There should be no dispute Merrill owed a fiduciary duty to Warren once she undertook to represent him in the real estate transaction. Merrill herself acknowledged at trial she held a fiduciary position of trust toward Warren. Because she owed Warren a fiduciary duty Merrill further acknowledged she was required to place his interests above her own in the real estate transaction. Nevertheless, she claims there was no evidence of misrepresentation, no evidence of fraud and no evidence of a breach of her fiduciary duties to sustain the court's judgment. She claims this is true because whatever fiduciary duties she owed Warren terminated when he "withdrew" from the escrow.

When faced with a challenge to the sufficiency of the evidence to support a judgment, an appellate court, "indulge[s] in every reasonable inference to uphold the verdict if possible and defer[s] to the [trier of fact's] assessment of the credibility of the witnesses. (9 Witkin, Cal. Procedure (4th ed.1997) Appeal, § 359, p. 408.) `[T]he power of the appellate court begins and ends with a determination as to whether there is any substantial evidence, contradicted or uncontradicted, which will support the conclusion reached by the [trier of fact].' ( Crawford v. Southern Pacific Co. (1935) 3 Cal.2d 427, 429 [ 45 P.2d 183].)"

Shade Foods, Inc. v. Innovative Products Sales Marketing, Inc. (2000) 78 Cal.App.4th 847, 889 [ 93 Cal.Rptr.2d 364].

We review the court's factual findings with these standards in mind.

"`"The law of California impose[s] on . . . the real estate agent . . . the same obligation of undivided service and loyalty that it imposes on a trustee in favor of his [or her] beneficiary. Violation of his [or her] trust is subject to the same punitory consequences that are provided for a disloyal or recreant trustee. ( King v. Wise, [(1872)] 43 Cal. 628.)" ( Langford v. Thomas, [(1926)] 200 Cal. 192, 196 [ 252 P. 602].) Such an agent is charged with the duty of fullest disclosure of all material facts concerning the transaction that might affect the principal's decision. [Citations.]'"

Buckley v. Savage (1960) 184 Cal.App.2d 18, 27 [ 7 Cal.Rptr. 328] (real estate agent's failure to disclose he was purchasing the property for himself provided grounds to suspend/revoke his real estate license); Civil Code section 2322, subdivision (c) (the authority of an agent does not extend to violations of his or her fiduciary duties); see also Business and Professions Code section 10176 (listing grounds to suspend or revoke a real estate license, including making substantial misrepresentations and making "false promises of a character likely to influence, persuade or induce." (Bus. Prof. Code, § 10176, subds. (a) (b).)).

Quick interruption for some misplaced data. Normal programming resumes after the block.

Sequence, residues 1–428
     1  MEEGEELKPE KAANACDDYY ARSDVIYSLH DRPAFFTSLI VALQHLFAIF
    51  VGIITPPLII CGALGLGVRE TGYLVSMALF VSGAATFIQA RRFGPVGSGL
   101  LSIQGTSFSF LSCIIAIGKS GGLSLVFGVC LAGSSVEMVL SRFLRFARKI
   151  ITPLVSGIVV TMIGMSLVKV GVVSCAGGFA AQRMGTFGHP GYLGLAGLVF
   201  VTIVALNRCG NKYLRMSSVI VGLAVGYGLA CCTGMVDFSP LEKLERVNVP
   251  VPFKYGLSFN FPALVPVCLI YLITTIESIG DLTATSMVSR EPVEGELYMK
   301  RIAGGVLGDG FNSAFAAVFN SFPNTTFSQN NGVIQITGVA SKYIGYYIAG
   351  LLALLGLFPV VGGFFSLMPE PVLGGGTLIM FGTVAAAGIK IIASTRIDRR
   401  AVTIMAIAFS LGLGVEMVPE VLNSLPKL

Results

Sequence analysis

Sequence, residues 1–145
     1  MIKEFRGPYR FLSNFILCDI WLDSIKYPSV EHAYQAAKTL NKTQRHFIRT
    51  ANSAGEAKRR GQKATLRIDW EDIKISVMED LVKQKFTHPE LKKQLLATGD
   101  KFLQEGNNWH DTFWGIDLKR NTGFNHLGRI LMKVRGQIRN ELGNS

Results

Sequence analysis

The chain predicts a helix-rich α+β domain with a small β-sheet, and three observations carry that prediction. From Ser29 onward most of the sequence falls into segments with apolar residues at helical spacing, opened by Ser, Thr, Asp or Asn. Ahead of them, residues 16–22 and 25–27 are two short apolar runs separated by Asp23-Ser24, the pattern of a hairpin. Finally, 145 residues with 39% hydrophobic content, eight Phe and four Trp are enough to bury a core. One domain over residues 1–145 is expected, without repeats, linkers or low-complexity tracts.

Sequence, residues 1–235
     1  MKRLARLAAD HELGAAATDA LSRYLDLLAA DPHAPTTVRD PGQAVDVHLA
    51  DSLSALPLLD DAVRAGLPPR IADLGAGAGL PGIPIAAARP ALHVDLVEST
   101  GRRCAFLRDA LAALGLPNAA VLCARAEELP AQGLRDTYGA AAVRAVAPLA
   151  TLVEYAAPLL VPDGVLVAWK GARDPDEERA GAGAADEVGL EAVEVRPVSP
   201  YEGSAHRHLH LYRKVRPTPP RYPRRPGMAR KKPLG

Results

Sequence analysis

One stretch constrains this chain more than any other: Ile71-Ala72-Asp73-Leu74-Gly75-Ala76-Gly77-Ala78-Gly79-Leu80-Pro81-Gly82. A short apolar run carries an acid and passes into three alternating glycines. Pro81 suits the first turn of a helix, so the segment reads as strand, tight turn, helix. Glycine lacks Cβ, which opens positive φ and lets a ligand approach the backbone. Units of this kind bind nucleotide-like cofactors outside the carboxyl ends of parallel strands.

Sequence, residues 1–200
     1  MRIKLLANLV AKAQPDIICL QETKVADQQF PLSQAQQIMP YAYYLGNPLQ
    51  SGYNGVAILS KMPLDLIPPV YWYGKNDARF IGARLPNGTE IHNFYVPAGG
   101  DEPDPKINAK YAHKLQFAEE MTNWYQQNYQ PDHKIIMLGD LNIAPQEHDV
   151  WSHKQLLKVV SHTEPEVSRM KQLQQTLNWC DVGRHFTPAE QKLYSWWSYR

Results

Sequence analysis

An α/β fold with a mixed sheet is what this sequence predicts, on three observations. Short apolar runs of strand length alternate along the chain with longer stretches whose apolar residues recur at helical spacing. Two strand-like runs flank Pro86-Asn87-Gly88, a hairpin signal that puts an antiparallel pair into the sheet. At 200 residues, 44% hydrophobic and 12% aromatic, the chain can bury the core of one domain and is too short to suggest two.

A constructive fraud arises on a breach of duty by one in a fiduciary relationship who misleads another to his prejudice. (3) Actual fraud occurs, when, among other circumstances, a person makes a promise without the intention of performing it. To prove a cause of action for actual fraud requires evidence of "`(1) representation; (2) falsity; (3) knowledge of falsity; (4) intent to deceive; and (5) reliance and resulting damage (causation).'"

Civil Code section 1573; Odorizzi v. Bloomfield School Dist. (1966) 246 Cal.App.2d 123, 129 [ 54 Cal.Rptr. 533].

Civil Code section 1572, subdivision 4.

Vega v. Jones, Day, Reavis Pogue (2004) 121 Cal.App.4th 282, 291 [ 17 Cal.Rptr.3d 26], quoting 5 Witkin, California Procedure (4th ed.1997) Pleading, section 668, page 123.

The record in the present case contains substantial evidence satisfying each of the elements of both constructive and actual fraud. The evidence showed Merrill breached her fiduciary duties toward Warren and committed fraud by deliberately and falsely promising him she would place his name on title to the condominium if he went along with her plan on how to structure the transaction. From the beginning of the transaction she did not intend to perform her promise of placing his name on title. Merrill instead intended to procure the condominium for herself but did not disclose her role as a principal in the transaction. Merrill in fact kept the condominium and in so doing retained Warren's $77,000 down payment. She alternatively claimed he had gifted this money to her daughter Charmaine when he signed the amendment removing his name from title or had forfeited it by defaulting on the homeowners' association dues and mortgage payments.

Specifically, Merrill told Warren he needed a coborrower in order to finance his purchase of the condominium. Merrill offered her own daughter for this purpose. Merrill promised Warren that Charmaine would quit claim title to him as soon as the loan funded and escrow closed. However, Merrill's intent not to perform was apparent from the outset as she pursued her plan to use Warren's funds but keep the condominium for herself. Merrill never had Warren submit a loan application, either as an individual or as a coborrower with Charmaine. As an experienced real estate agent, real estate broker and loan broker, Merrill knew a lender would not permit Warren to be on title if he was not also responsible for the loan. However, Merrill filed a loan application in Charmaine's name alone.